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    Flipping The Traditional Business Model

    Site compliance is not about documents in a set of dusty folders that have not seen the light of day since last year for the annual internal audits. Compliance is living, breathing, growing, and constantly changing.

    In a business where the organizational structure is not designed to support this concept of living compliance, it can feel like a race where the finish line keeps moving just beyond your reach.  So, when the fire fighting challenges increase from regulatory requirements, certification standards, and even from consumer trends, what can you do to regain control?

    He waka eke noa.

    This Māori whakataukī (proverb) literally means ‘the canoe we are all in together”.  If the canoe is not being rowed as a team, it goes in circles. If the canoe is swayed precariously, everyone could fall out.  Compliance is the waka (canoe), and it takes effort and teamwork across the entire organization from the board to the front line to keep things going in the right direction.

    In the traditional business organizational model, compliance is combined into Quality Control or Assurance role at or below Front Line Management; the Operational foundation of the business pyramid.  This is a reactive business approach; there is little upwards compliance exchange that occurs between the Operational structure and the Tactical level.  There is no opportunity for exchange at the Strategic level.  In this structure, the waka is going in circles. Conversely, if compliance is the pipe dream in the Strategic level, but no resource or support is provided for the Operational portion of the business, the waka is rocking; everyone will fall out.

    Flipping the business model to have compliance responsibility in the Tactical structure of the business provides for communication across the three structures of the business; and allows for co-ordination and integration of actions above, below and across the business.  It allows for a procedural approach, and embeds a feedback loop into the business where compliance is an integral part of all project outcomes. We have true teamwork occurring; the waka can move forward!

    With the waka moving forward, the benefits become more obvious to this model.  Brand enhancement and growth, cost and risk reduction, and most importantly for living compliance consciousness, there is improved staff morale.  Compliance is owned by everyone, with a resulting proactive approach.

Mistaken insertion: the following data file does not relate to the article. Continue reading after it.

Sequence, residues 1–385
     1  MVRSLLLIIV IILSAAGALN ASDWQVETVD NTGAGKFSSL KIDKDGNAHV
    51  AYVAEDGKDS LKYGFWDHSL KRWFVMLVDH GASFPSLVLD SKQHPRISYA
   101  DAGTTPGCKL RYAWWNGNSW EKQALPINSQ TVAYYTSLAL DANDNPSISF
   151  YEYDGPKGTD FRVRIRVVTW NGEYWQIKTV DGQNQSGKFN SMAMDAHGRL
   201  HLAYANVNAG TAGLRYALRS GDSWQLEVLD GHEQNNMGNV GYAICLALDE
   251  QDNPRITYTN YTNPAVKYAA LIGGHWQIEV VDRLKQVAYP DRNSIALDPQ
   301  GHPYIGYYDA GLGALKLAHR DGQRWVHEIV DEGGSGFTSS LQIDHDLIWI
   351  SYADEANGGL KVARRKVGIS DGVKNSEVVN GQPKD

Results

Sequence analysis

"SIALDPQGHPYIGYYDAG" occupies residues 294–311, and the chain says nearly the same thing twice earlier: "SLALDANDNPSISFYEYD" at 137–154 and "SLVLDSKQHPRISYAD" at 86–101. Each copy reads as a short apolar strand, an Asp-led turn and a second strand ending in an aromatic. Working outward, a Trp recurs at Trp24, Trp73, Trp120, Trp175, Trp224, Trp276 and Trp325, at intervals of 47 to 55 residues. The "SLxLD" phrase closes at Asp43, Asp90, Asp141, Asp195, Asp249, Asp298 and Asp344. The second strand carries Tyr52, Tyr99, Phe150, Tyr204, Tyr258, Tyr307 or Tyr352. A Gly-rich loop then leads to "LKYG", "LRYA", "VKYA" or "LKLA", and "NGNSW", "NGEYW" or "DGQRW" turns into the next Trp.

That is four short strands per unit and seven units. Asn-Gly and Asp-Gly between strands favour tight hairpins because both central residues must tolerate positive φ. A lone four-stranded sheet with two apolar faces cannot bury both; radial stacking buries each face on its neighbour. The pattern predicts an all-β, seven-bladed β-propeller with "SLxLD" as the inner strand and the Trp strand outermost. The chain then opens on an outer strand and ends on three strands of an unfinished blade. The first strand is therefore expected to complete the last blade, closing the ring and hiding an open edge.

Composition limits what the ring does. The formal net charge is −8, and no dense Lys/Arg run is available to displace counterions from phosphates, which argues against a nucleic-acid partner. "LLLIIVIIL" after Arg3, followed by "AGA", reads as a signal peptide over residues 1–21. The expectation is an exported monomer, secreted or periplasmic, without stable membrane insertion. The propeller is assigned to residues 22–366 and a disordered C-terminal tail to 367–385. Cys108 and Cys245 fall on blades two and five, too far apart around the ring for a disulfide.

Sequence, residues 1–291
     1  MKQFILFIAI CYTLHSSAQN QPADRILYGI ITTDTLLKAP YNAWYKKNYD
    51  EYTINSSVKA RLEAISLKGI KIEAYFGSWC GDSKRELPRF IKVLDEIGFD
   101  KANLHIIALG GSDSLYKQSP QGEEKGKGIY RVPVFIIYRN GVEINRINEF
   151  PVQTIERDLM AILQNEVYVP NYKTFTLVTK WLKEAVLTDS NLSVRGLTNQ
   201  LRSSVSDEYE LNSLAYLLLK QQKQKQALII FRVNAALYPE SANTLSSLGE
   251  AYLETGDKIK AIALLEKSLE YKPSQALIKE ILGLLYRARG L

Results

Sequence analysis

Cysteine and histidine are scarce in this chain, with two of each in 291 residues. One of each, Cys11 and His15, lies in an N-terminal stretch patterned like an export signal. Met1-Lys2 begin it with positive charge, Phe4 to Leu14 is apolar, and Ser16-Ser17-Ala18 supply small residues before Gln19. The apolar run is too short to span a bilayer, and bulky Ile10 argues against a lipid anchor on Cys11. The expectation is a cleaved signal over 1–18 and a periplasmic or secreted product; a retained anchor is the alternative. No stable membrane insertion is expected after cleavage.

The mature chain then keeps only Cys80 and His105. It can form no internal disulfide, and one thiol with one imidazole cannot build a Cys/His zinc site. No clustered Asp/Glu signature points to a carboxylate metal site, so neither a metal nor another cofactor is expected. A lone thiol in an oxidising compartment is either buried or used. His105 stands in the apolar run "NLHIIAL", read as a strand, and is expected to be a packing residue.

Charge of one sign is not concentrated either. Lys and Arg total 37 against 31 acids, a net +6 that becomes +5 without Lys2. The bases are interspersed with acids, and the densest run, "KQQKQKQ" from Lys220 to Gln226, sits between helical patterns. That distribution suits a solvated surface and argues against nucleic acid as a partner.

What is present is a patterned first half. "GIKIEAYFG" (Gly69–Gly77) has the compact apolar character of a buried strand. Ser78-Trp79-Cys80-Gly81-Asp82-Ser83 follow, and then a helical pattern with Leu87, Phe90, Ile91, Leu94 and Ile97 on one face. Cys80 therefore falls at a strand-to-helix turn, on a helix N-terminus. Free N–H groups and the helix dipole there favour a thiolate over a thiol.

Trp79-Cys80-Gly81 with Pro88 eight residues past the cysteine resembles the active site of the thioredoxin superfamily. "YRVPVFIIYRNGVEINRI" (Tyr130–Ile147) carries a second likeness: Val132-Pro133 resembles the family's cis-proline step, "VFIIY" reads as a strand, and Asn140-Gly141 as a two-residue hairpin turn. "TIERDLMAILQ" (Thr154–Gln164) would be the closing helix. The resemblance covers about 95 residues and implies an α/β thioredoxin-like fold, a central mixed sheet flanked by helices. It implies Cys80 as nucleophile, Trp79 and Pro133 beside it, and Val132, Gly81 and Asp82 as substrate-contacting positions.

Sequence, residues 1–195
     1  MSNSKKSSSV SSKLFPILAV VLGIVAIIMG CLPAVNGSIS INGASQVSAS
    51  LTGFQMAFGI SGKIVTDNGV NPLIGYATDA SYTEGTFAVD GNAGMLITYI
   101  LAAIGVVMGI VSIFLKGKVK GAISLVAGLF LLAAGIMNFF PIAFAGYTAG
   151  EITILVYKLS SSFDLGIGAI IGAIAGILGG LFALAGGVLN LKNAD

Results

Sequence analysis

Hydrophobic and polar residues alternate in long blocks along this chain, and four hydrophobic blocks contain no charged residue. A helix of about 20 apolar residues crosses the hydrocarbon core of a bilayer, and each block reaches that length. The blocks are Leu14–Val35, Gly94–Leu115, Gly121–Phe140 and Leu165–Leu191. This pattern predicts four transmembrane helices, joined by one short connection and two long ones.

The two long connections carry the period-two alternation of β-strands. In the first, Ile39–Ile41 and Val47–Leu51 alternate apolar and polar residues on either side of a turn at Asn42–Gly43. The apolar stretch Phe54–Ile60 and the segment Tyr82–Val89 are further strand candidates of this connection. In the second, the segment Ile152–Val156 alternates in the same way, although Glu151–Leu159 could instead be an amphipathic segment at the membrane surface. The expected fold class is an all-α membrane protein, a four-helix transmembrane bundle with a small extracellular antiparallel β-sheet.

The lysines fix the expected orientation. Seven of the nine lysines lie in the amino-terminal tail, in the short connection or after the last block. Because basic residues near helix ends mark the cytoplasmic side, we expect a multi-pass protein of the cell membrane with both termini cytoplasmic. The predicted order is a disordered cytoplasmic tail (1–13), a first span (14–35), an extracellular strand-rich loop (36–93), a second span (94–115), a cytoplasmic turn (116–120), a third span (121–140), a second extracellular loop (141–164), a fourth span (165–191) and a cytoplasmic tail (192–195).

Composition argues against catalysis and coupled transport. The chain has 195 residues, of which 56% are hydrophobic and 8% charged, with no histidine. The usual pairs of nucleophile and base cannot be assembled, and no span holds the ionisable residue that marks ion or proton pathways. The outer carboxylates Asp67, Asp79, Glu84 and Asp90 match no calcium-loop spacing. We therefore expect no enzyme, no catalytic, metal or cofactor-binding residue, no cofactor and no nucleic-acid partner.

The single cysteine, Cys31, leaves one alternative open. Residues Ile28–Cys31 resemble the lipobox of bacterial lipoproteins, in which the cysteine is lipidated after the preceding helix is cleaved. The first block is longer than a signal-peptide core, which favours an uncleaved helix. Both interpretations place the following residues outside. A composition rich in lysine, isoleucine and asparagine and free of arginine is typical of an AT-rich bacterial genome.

So, now that you are on board with the compliance waka, how do you help make this change in your business to support a compliance conscious culture?

    First and foremost; educate yourself. In the compliance space, we are familiar with doing business gap analyses, but have you done a personal gap analysis?  Where are you now?  Where do you want to be? How does this relate to your current role within your organization?  Just like the compliance waka, your personal waka cannot move forward until you fully commit.  Research and upskill where you see your personal gaps.

    Change management is needed to drive a shift in the business model; discussing how the business is disadvantaged in its current structure and expected outcomes of this transformation is a great place to begin.  Examples of tangible financial gains or market growth in other businesses that demonstrate a positive compliance culture help the Strategic level to see the required business direction.  It helps the Tactical level to set goals and co-ordinate integration, and it assists Operations to build this into their resource management. When the business is committed to the waka moving forward, an implementation plan needs to be set and agreed, and then reviewed with a continuous improvement mindset.

    Initiating the conversation for change management can be difficult, and courageous conversations are not easy.  Prepare for the conversation by doing your research.  Encourage structure in the conversation by asking for a meeting date and time. Manage your own emotional energy and remain calm.  Clearly frame your concerns, and reciprocate with active listening. Reframe what you have heard to ensure understanding. Commit to creating a solution together through further discussion or setting the next steps.

    Communication is the key to compliance; whether through a courageous conversation, change management implementation, or day to day system maintenance.  To learn more on how to use communication for creating a compliance conscious culture, I encourage you to attend the Communication Styles learning lab at the 2019 SQF International Conference in San Antonio, Texas.  We will cover your personal communication styles, and give you the tools to help your team identify theirs.  We will talk about how these styles can complement each other, and how to work through conflict between the communication styles.  Rest assured, we will discuss how we can use this to keep our compliance waka moving forward!

    See you in November; he waka eke noa!

    By Betty Murie
    Global Compliance Manager
    Wedderspoon Organic

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